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Apr 13, 2021

The Edinburgh Agreement



The role of “political implementation” could begin to explain why the parties submitted an agreement in law, legal form and in the midst of a signing ceremony. Paradoxically, the agreement could be presented in such a formal manner, precisely because it did not have a binding legal status. The most important mechanism for enforcing such agreements is two dynamics: the development of reciprocal agreements, the implementation of which is in the interests of the parties, and the creation of costs for the reputation of a party in the event of an infringement. Finally, and even more provocatively, if Scotland voted “yes” and the separation of Scotland were negotiated with the United Kingdom, a whole series of agreements would have to be concluded between the United Kingdom and the Scottish Government, and the difficulty of finding a binding legal form for these agreements would probably be highlighted. There has been confusion and disagreement about what a generation means politically. As with all agreements, a key mechanism for the application of reciprocity – I will stick to my side if you respect yours. Here, the agreement is regularized to the extent that it provides obligations for most contingencies, with clear timetables and precise language. The discussion sets up our legal sense of the availability of the right to Swiele. The Edinburgh Agreement could not be signed legally binding, as there is no simple and appropriate legal form for this type of agreement in our legal system. In Scotland, where violence and instability are not a problem, it is not that important. But this was very important in other contexts where negotiations between governments and sub-state governments (governments or potential governments) take place in a context of violence, and where central governments, in the middle of the process, want to switch between the parties for and against peace, and perhaps abandon the commitments of their predecessors without losing their reputation.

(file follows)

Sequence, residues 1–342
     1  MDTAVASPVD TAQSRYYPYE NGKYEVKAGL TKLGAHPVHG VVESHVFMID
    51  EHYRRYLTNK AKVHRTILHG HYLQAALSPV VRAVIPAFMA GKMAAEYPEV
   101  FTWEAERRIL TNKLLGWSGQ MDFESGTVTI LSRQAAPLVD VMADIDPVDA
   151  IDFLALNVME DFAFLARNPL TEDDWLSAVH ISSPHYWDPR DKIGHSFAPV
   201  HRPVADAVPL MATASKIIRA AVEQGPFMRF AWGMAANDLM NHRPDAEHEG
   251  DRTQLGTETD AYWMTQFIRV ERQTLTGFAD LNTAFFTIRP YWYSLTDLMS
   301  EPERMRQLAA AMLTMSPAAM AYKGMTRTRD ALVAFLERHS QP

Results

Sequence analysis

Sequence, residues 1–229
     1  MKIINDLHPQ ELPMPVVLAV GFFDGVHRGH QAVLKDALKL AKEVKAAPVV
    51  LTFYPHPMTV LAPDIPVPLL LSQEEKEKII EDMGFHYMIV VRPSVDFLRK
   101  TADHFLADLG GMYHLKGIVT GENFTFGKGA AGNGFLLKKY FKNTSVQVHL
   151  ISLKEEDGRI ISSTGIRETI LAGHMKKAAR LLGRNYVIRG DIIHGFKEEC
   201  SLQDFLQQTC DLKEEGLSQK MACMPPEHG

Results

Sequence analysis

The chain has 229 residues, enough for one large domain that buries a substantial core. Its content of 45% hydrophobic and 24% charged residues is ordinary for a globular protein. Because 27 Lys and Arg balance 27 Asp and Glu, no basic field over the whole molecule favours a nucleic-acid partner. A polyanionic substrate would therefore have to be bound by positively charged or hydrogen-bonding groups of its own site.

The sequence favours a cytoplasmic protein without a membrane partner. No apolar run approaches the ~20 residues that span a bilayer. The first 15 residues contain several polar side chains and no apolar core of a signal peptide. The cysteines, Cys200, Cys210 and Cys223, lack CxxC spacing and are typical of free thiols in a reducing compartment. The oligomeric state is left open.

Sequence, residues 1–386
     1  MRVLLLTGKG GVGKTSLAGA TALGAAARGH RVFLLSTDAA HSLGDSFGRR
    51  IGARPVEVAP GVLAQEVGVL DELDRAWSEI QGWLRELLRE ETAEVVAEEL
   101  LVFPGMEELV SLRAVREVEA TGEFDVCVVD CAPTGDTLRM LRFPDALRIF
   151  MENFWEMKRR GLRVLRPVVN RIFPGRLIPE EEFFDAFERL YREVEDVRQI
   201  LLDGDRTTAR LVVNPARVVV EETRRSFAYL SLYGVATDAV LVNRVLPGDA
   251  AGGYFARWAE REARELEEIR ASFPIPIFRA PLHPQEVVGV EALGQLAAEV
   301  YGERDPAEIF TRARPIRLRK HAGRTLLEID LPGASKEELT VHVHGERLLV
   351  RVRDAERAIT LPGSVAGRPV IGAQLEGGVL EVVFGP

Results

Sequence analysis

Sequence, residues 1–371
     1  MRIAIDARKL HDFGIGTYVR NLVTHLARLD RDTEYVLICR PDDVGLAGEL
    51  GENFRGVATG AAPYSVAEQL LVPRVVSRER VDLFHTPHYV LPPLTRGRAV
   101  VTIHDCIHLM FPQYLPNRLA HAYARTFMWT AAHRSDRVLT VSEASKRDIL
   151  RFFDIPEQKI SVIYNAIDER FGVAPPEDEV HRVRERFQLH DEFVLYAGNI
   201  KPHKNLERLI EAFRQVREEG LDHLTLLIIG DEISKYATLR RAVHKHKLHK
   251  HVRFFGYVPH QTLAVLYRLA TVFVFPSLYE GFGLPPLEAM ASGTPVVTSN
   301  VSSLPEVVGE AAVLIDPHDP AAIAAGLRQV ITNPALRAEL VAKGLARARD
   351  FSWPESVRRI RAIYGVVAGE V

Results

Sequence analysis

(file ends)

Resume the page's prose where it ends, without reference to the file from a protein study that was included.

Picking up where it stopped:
The decolonization project of the British Empire, in which the British government signed decolonization agreements with governments (at the time) of sub-states or groups of leaders who did not have the status of a new state at the time of signing and whose agreements were therefore of ambiguous legal status. Countries were on the road to independence, which led to arguments that local signatories are not actually sub-governmental entities without contractual capacity, but are signed as a “pending state,” and the resulting documents have some sort of international legal status. This argument does not apply to the Edinburgh Agreement, in which the United Kingdom does not accept the intention to act at the international level, or that internal relations are in fact in transition to international relations. This lack of international intent also excludes theories that the UK has entered into a binding unilateral international agreement with the Scottish Government. It is interesting to note, however, that these arguments could apply to agreements on the terms of separation between the two governments if the referendum on success and secession were negotiated. With this attention to detail, the ubiquitous legal language, a series of clear commitments and the signing of government officials, is it certainly a legal document? This does not sound like a simple “political pact,” and you only have to compare yourself to the famous political pact – the coalition agreement – to see the differences. The coalition agreement was concluded between two political parties rather than between government representatives and, although it gave commitments to constitutional policies, the content of the agreement itself was not a constitutional matter.